Tattoo When they open their eyes, the fight will be short

By Gregory Shaw, in 'English to Latin Translation', May 18, 2018.

  1. Gregory Shaw New Member

    Hi,
    I would really appriciate if someone could please help me with this!

    I'm thinking of having this as a comment on the possible outcome from finally creating a real artificial intelligence. I'm not sure if "they" an "theirs" should be "it" and "its", does that work in latin?

    I hope you are having a great day!
    // Greg
  2. Pacifica grammaticissima

    • Civis Illustris
    Location:
    Belgium
    Hi,

    I guess either can work, depending on whether you want to refer to multiple intelligent machines (the first ones) or just one (the first one).

    Plural version: cum oculos aperuerint, brevis erit pugna.
    Singular version: cum oculos aperuerit, brevis erit pugna.

    Edit: Oh, yeah, there's that English cum problem thing which I keep forgetting about. Cum is a very common Latin word and, viewing it as such, I tend to use it instinctively without thinking of its unfortunate identity of spelling with an offensive English word and of the issues it could cause if found in a tattoo. Cum can be replaced with quom or quum.
    Last edited by Pacifica, May 18, 2018
    Gregory Shaw likes this.
  3. Gregory Shaw New Member


    Hi,

    first of all, thanks a lot for your answer, I really do appriciate it!
    I think the singular version is what I'm looking for, e.g. "The first one" rather than "the first ones", when you put it that way it was easier to choose.

    I'm not too worried about the word "cum", but now that you have mentioned it I kind of started to think about it :)
    But I do still prioritize to have the text as linguistically correct as possible. Would you say that "quom" have exactly the same meaning as "cum" or is there some subtle difference? Also would "cum" be more linguistically correct than "quom"?
  4. Pacifica grammaticissima

    • Civis Illustris
    Location:
    Belgium
    They are variant spellings of the same word and have exactly the same meaning. Quom is a somewhat older form whereas cum is more usual in so-called classical Latin, i.e. the Latin of Cicero and Caesar, basically; but even Cicero sometimes used quom so it hadn't died out.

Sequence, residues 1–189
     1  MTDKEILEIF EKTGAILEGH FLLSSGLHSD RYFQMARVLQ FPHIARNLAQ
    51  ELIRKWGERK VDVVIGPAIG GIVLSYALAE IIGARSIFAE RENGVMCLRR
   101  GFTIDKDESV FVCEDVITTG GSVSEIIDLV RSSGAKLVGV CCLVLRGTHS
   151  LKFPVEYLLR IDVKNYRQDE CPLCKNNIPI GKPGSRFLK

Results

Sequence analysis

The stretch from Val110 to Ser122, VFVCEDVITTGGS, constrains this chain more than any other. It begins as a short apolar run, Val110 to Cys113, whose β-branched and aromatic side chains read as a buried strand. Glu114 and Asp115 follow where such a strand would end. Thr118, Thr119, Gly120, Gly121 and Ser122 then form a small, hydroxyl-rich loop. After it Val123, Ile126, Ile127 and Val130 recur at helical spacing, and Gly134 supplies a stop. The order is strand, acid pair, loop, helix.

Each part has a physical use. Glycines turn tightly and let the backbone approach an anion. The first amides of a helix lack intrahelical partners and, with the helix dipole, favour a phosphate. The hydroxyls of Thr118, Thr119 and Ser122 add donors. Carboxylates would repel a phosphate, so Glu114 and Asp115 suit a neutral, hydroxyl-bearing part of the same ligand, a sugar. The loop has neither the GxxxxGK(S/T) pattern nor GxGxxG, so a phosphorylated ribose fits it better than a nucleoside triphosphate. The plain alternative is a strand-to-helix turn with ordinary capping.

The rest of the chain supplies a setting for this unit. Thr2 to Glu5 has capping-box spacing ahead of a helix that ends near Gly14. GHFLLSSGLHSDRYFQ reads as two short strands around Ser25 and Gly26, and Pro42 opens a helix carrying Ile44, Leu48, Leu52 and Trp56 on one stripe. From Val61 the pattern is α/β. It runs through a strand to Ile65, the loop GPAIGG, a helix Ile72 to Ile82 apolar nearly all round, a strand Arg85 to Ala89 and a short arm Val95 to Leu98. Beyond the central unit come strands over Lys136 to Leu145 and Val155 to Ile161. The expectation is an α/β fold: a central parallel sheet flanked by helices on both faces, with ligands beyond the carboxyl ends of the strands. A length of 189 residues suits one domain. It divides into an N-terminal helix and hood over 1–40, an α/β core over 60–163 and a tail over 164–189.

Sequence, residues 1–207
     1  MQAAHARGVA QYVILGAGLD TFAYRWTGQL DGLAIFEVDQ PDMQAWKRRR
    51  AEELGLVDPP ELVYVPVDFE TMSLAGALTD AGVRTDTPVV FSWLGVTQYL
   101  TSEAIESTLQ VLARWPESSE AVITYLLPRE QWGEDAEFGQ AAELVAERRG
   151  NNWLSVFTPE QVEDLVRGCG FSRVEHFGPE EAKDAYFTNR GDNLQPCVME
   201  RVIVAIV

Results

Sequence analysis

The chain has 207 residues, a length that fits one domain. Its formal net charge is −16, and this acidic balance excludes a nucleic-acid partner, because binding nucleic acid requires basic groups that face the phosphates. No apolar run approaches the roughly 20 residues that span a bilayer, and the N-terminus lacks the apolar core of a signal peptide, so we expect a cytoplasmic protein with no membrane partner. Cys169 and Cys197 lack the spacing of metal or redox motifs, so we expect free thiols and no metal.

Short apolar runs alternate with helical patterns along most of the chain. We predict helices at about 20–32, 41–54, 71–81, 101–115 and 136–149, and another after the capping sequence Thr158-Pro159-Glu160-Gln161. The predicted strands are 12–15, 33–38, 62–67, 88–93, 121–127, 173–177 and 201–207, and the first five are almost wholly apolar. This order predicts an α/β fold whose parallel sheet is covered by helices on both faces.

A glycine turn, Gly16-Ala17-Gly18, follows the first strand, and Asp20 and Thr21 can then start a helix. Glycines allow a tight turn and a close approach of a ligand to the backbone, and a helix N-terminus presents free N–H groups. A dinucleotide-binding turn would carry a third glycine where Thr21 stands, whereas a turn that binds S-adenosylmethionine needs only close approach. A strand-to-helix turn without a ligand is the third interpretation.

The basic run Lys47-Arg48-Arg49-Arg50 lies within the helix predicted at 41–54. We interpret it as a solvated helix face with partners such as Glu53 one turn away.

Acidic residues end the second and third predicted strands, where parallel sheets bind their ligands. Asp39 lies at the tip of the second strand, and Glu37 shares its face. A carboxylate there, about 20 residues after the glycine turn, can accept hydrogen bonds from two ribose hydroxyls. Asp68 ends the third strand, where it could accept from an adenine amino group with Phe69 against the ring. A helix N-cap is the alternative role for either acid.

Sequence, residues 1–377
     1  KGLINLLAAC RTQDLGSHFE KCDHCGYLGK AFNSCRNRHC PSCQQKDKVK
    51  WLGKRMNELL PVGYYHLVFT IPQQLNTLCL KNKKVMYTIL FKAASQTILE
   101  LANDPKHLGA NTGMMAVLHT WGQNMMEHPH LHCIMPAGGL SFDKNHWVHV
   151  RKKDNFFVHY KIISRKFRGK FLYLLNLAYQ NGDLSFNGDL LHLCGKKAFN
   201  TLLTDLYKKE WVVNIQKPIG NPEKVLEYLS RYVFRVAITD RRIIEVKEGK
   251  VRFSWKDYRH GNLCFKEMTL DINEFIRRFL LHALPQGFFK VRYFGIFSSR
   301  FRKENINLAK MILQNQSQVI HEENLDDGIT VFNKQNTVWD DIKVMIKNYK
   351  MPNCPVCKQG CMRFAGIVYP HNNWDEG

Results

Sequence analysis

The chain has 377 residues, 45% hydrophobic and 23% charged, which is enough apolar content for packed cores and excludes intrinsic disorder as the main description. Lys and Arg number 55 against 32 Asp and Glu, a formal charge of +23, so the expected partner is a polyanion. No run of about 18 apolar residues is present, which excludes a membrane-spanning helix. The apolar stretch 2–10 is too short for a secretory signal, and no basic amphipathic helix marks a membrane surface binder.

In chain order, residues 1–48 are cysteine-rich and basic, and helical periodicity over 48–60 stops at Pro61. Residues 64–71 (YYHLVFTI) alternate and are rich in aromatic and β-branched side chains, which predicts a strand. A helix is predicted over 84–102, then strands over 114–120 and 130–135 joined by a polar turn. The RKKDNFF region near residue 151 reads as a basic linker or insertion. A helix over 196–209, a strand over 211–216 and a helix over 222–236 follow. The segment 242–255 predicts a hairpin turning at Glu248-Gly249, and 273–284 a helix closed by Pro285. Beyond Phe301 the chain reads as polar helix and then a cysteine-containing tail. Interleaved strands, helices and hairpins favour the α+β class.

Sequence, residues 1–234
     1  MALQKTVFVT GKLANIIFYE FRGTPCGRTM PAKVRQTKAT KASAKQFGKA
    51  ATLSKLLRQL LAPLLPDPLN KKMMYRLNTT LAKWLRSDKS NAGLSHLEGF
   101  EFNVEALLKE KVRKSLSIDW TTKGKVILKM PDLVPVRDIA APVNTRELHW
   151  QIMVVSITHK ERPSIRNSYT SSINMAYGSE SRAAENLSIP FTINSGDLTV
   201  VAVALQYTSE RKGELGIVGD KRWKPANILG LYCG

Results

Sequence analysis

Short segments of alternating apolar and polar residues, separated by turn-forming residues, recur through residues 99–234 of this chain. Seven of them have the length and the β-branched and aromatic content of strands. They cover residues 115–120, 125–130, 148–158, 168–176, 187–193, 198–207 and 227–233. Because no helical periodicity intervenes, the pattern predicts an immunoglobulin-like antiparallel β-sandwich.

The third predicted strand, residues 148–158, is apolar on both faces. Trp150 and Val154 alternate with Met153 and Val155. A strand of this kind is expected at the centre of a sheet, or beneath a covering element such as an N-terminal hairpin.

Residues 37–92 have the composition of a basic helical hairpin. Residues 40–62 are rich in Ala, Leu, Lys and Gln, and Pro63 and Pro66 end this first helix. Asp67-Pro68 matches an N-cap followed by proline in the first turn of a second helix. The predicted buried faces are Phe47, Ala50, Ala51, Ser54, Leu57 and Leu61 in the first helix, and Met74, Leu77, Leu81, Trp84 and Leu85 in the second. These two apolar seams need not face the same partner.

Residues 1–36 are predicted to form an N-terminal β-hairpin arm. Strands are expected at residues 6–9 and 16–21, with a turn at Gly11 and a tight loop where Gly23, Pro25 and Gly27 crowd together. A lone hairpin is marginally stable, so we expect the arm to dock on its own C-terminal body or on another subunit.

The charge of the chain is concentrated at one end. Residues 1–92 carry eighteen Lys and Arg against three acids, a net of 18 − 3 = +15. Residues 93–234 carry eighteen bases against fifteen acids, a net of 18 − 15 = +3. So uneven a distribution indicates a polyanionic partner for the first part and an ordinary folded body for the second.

5. Gregory Shaw New Member

    Great, then I know :)
    You've really been very helpful, Thanks again!
  6. Pacifica grammaticissima

    • Civis Illustris
    Location:
    Belgium
    NP.
  7. Abbatiſſæ Scriptor Senex

    • Civis Illustris
    Such is indeed the caſe for the adverb, but the conjunction 'cum' has a different origin (being equivalent to the verbal prefix 'com-' or 'con-') and I would not feel comfortable replacing that 'cum' with 'quom'.
    As to any fear of confusion with English ſlang, one need only note that the Latin conjunction is often adopted into colloquial English to mean 'also ſerving as'.
    Last edited by Abbatiſſæ Scriptor, May 23, 2018
  8. Pacifica grammaticissima

    • Civis Illustris
    Location:
    Belgium
    I think you're confusing things. Quom is the older spelling of the conjunction cum. The preposition (and former adverb) cum has a different origin. Here, I'm using the conjunction (for "when") not the preposition (meaning "with").
  9. Abbatiſſæ Scriptor Senex

    • Civis Illustris
    Sorry, I meant prepoſition.:D
    I am not ſure if either of the two Latin words written as 'cum' can ever properly be regarded as a 'conjunction' (although the English borrowing noted above might be ſeen as ſuch).
    One is an adverb of time, the other a prepoſition marking the ſocio-inſtrumental caſe.
  10. Pacifica grammaticissima

    • Civis Illustris
    Location:
    Belgium
    L&S classifies the one meaning "when/since/etc." as a conjunction while the OLD classifies it as a relative adverb. I've regarded it as being both, actually; but you're right, "relative adverb" may be the more exact term when it comes to the intrinsic nature of the word.
    English borrowing? Do you mean "when"? To my mind, it's the same as cum as far as classification is concerned. It can probably be seen both as a conjunction and as a relative adverb.

    But, anyway, whatever the classifications, the cum used in this translation is the one that can be turned into quom, its older variant (see: http://www.perseus.tufts.edu/hopper/text?doc=Perseus:text:1999.04.0059:entry=Cum2).

    The other cum (the one meaning "with") is sometimes found as quom or quum in MSs too, according to L&S, but that could be a later mistake by false analogy with the relative adverb/conjunction. http://www.perseus.tufts.edu/hopper/text?doc=Perseus:text:1999.04.0059:entry=cum1

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